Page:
Theo Howard, again, showed why he is the #1 wide receiver on the team, because while he was only targeted 4 times (tied for 3rd most on the team), he made 3 of those catches and led the team in receiving yards with 84. He’s such a big-play threat that opposing teams are again forced into accounting for him on every play and, when they mess up, like when he was able to leak out behind the coverage on a scramble play, he can make you pay as he ended up with a 58-yard reception. It’s something of a “pick your poison” scenario, as opposing defenses end up trying to choose between shutting down Wilson or Howard, usually with poor results.
The other benefit of Howard and Wilson gobbling up the attention is it allows some of the other receivers space to operate, and Demetric Felton was the big beneficiary of that fact in this game, leading the team with 10 targets (though I’ll admit that a few of those targets clearly had no chance of success) while also getting 3 rushing attempts. Felton saw mixed success, but he showed a lot of promise and his speed is really just another factor that opposing defenses need to consider going forward.
Interestingly, I didn’t see Michael Ezeike on the field in this game. Dymond Lee was given the start and did make a catch, but didn’t have much of an impact. I was excited to see UCLA actually utilize Devin Asiasi in the red zone, and he got his first touchdown reception as a Bruin. Hopefully he gets more use going forward (and I think my favorite thing all game was that they showed the sideline after the touchdown and Caleb Wilson came over to celebrate Asiasi’s touchdown catch like 3 separate times. It was really adorable to watch.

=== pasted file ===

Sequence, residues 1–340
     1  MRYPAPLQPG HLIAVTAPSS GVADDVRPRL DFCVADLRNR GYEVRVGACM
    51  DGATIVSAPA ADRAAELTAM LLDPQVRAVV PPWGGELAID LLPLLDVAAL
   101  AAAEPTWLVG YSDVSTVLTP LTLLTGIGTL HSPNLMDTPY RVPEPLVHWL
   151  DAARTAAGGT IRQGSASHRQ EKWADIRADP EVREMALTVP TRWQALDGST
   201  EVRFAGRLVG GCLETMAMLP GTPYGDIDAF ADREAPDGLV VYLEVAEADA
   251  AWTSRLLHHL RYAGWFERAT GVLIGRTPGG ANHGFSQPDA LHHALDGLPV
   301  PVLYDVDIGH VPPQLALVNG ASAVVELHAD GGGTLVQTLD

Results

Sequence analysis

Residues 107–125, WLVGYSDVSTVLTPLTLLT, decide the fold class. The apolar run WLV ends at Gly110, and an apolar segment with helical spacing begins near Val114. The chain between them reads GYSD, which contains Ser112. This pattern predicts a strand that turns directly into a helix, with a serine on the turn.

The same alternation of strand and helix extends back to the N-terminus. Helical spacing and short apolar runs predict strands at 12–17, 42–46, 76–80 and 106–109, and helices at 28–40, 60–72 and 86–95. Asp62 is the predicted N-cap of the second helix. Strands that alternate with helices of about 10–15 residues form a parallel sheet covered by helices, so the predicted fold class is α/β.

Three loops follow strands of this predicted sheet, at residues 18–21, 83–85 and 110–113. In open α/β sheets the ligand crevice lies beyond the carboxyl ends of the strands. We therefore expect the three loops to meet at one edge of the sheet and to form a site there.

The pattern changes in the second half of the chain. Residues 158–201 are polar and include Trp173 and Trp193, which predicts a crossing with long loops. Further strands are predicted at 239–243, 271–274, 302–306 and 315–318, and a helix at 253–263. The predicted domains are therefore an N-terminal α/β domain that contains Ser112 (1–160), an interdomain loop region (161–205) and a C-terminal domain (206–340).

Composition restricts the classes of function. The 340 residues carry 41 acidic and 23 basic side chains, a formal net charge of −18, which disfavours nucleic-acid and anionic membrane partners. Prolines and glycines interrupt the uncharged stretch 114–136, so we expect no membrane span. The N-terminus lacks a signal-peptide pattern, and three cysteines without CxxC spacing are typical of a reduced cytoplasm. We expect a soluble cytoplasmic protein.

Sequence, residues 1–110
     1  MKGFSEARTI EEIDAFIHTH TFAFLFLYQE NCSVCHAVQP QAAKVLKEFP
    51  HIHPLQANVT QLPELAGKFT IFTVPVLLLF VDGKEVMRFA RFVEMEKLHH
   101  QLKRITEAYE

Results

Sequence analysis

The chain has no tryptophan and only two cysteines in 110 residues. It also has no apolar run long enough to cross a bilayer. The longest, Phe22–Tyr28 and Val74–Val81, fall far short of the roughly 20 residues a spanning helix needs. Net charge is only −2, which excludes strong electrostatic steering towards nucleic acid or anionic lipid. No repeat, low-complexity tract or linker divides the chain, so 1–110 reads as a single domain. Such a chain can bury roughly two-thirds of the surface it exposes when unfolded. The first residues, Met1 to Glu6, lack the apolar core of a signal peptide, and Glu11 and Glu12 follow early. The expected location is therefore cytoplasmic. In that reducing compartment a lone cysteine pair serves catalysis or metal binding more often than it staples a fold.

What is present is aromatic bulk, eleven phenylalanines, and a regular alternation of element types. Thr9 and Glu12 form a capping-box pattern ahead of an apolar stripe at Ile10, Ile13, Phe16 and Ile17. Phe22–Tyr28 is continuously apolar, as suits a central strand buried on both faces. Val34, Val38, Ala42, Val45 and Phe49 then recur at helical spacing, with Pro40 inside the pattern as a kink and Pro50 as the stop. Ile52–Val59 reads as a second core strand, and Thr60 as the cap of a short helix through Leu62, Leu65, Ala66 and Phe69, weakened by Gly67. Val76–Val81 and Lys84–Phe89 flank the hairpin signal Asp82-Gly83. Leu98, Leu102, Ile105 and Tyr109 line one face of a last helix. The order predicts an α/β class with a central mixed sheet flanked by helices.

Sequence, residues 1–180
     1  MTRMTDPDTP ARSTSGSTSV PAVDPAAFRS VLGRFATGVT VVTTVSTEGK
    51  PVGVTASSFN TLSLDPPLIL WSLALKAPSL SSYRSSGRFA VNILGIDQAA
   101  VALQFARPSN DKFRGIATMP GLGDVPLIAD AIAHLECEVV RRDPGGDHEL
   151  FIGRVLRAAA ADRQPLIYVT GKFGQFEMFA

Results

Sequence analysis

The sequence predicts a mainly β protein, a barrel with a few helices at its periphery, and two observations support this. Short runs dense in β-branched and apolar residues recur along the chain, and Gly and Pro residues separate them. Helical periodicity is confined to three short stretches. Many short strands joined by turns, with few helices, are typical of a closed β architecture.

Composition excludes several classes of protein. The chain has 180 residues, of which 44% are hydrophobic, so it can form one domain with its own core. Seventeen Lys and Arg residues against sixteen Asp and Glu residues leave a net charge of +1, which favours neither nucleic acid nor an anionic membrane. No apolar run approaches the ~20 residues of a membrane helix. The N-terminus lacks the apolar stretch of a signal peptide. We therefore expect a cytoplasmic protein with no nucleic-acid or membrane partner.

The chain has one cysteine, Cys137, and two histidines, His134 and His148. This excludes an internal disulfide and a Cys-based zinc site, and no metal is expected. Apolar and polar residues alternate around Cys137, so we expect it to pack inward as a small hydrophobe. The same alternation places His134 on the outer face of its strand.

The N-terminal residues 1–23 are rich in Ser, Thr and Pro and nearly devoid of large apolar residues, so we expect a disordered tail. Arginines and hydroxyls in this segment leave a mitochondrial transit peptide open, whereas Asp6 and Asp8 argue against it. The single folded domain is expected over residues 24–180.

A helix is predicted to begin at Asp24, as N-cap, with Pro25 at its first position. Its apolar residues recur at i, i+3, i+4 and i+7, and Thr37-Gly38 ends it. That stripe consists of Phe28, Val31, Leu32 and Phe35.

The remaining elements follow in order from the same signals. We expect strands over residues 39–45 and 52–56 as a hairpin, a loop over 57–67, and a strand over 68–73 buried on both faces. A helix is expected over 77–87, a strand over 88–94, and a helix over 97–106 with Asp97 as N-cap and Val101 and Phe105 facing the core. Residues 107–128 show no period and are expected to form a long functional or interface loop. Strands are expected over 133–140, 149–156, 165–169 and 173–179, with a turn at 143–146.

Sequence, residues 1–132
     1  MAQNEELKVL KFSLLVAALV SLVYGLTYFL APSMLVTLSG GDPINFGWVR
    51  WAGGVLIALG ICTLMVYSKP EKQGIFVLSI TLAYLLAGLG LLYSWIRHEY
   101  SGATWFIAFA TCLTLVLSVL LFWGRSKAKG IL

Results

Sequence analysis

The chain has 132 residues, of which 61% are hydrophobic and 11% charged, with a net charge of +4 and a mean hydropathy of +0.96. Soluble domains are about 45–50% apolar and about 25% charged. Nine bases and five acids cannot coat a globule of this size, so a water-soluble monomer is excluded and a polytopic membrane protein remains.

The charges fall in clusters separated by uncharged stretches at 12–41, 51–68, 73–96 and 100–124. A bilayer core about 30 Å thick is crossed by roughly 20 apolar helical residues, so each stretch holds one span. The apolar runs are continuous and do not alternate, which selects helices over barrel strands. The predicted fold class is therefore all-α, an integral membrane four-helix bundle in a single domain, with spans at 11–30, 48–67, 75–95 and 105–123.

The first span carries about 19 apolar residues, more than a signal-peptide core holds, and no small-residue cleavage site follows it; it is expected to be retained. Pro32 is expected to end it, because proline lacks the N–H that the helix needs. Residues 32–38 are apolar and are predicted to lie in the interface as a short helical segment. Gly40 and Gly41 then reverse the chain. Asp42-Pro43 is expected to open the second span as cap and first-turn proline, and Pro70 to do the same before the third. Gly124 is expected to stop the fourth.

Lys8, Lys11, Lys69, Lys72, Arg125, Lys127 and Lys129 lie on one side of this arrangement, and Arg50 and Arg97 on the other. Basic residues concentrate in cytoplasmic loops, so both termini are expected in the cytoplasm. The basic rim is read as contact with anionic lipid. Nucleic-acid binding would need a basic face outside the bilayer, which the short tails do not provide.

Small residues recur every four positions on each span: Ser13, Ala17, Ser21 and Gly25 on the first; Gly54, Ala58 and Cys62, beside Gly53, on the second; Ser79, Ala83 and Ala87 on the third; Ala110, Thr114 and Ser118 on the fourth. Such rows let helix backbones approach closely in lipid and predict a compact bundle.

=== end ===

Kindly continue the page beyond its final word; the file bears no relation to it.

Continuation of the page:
As a group, the receiving core did their jobs and did them well. Feels like an A- is the correct way to go here.
Offensive Line - I honestly wish I knew what was going on with this unit on Saturday.
Let’s get one obvious point out of the way: the first unit did not really have a lot of practice time together, as Andre James was not with the team for most of the week while he dealt with the death of his father. Considering all of that, it was shocking to see him play on Saturday and even more surprising to see him be the best performer on the line. To be fair, James is the most pro-ready player on that offensive line, but it’d be easy to forgive him of any poor play considering the circumstances, but James balled out.